Elosulfase alfa treats mucopolysaccharidosis type IVa (also known as MPS IVa and Morquio A syndrome), an extremely rare - it affects around 88 people in England - but life-limiting disease. People born with the disease lack an enzyme – N-acetylgalactosamine-6-sulfatase – that breaks down large sugar molecules (glycosaminoglycans) the body’s cells can’t use. The resulting accumulation of glycosaminoglycans in the cells of tissues and organs causes a wide range of symptoms that typically appear in early childhood and worsen over time. These include joint and skeletal abnormalities, hearing and vision loss, heart valve disease, pain, fatigue, and progressive loss of endurance leading to increasing dependence on wheelchairs.
MPS IVa leads to reduced life expectancy - the average life expectancy in people with this condition is about 25 years - primarily because of respiratory failure and heart problems (63% and 15% of deaths respectively).
Elosulfase alfa is an enzyme replacement therapy consisting of the N-acetylgalactosamine-6-sulfatase enzyme. It replaces the enzyme lacking in people with MPS IVa.
Commenting on the draft guidance, Professor Carole Longson, Director of the Health Technology Evaluation Centre at NICE, said: “MPS IVa is a serious condition that severely affects both life expectancy and quality of life. We are therefore pleased to be able to provisionally recommend elosulfase alfa as a treatment option for people with this condition.
“After considering the comments received as part of the consultation on the previous draft guidance, as well as the testimony of patient and clinical experts at its recent meeting, the independent Evaluation Committee felt that, although elosulfase alfa improved some aspects of health compromised by the disease, and that health and quality of life improved significantly in some patients after treatment, the magnitude of overall long-term benefit offered by elosulfase alfa was uncertain.
“The drug is very expensive – the average cost per year for elosulfase alfa is £394,680 per patient based on the list price; although a confidential discount has been offered by the company as part of a patient access scheme. Overall, although the Committee was satisfied that there was sufficient evidence that some patients did well on elosulfase alfa, further exploration of its benefits and costs in routine clinical practice were needed.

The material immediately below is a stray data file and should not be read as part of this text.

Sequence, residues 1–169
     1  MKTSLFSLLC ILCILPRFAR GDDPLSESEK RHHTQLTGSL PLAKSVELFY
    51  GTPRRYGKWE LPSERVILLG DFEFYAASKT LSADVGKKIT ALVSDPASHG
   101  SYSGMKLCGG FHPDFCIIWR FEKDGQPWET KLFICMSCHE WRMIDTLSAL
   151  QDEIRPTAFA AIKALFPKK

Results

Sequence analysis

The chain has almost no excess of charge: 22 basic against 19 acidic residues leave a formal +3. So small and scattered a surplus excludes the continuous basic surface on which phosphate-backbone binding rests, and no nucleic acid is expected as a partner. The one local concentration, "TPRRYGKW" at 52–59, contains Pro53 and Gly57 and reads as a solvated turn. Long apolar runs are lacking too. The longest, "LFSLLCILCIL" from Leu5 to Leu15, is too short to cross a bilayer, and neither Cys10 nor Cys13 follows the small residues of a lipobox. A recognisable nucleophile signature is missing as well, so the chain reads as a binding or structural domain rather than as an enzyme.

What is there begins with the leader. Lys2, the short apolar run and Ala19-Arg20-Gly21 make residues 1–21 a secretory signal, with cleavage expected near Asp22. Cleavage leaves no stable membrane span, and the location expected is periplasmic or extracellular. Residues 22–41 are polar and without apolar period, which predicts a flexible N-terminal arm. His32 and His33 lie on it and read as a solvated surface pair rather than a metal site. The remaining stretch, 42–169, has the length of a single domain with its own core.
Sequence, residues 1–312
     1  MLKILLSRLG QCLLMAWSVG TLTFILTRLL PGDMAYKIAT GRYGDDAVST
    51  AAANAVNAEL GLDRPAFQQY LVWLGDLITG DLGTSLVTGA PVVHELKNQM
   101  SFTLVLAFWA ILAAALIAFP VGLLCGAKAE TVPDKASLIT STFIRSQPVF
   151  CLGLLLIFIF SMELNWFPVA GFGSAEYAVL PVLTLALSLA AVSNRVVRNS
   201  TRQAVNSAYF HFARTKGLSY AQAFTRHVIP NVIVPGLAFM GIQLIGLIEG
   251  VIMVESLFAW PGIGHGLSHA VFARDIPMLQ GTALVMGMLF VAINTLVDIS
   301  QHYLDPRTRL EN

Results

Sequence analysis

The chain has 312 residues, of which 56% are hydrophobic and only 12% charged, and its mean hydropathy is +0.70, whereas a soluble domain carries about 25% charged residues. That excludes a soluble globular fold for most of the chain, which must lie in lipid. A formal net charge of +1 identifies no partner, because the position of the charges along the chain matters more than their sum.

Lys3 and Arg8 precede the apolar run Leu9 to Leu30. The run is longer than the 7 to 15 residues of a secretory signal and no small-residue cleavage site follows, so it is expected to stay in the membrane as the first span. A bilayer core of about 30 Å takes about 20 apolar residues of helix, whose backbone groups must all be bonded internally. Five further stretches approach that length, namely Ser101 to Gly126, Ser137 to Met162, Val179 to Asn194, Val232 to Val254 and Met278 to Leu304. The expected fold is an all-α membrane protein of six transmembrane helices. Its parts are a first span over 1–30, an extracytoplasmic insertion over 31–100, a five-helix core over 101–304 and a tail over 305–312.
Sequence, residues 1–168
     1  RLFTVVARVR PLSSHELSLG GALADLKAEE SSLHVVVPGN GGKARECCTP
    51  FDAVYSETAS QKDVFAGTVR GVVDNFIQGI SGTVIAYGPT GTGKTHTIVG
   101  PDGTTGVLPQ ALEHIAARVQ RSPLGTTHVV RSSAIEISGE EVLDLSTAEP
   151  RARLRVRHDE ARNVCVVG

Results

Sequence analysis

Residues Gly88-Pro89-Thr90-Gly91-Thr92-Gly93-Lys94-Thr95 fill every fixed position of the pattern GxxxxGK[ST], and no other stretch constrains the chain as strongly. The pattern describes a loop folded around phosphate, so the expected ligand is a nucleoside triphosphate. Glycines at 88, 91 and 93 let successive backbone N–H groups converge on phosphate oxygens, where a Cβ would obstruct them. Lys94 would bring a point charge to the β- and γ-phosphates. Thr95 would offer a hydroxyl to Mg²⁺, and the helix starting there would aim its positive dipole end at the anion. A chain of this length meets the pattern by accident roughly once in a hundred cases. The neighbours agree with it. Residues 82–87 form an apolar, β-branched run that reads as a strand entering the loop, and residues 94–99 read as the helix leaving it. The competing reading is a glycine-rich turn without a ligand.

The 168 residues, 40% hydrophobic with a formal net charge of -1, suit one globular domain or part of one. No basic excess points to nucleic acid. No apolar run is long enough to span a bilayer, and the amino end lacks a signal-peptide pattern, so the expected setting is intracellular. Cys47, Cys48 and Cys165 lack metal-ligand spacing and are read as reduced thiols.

“The Committee concluded that the company, clinical and patient experts and NHS England should make arrangements, as part of a managed access agreement, to generate evidence on the use of elosulfase alfa for treating MPS IVa through research and collection of ‘real-world’ data directly relevant to patients in the UK, including continued support of the MPS IVa registry. The Committee also felt that a protocol for starting and stopping treatment with the drug for clinical reasons should be developed.”
Before elosulfase alfa became available there was no treatment for the underlying disease. Because the condition is so rare and the symptoms so diverse, there is no standard treatment or pathway of care. Management may include surgery for skeletal problems, respiratory support, drugs to manage heart disease, dental and eye care, pain relief, and hearing aids and ventilating tubes to manage deafness and middle ear effusions.
NICE has not yet issued final guidance to the NHS; these decisions may change after consultation. Consultees, including the company, healthcare professionals, patient/carer organisations and members of the public are now able to comment on the preliminary recommendations which are available for public consultation until midday on 23 September. Comments received during this consultation will be fully considered by the Committee at its next meeting in October.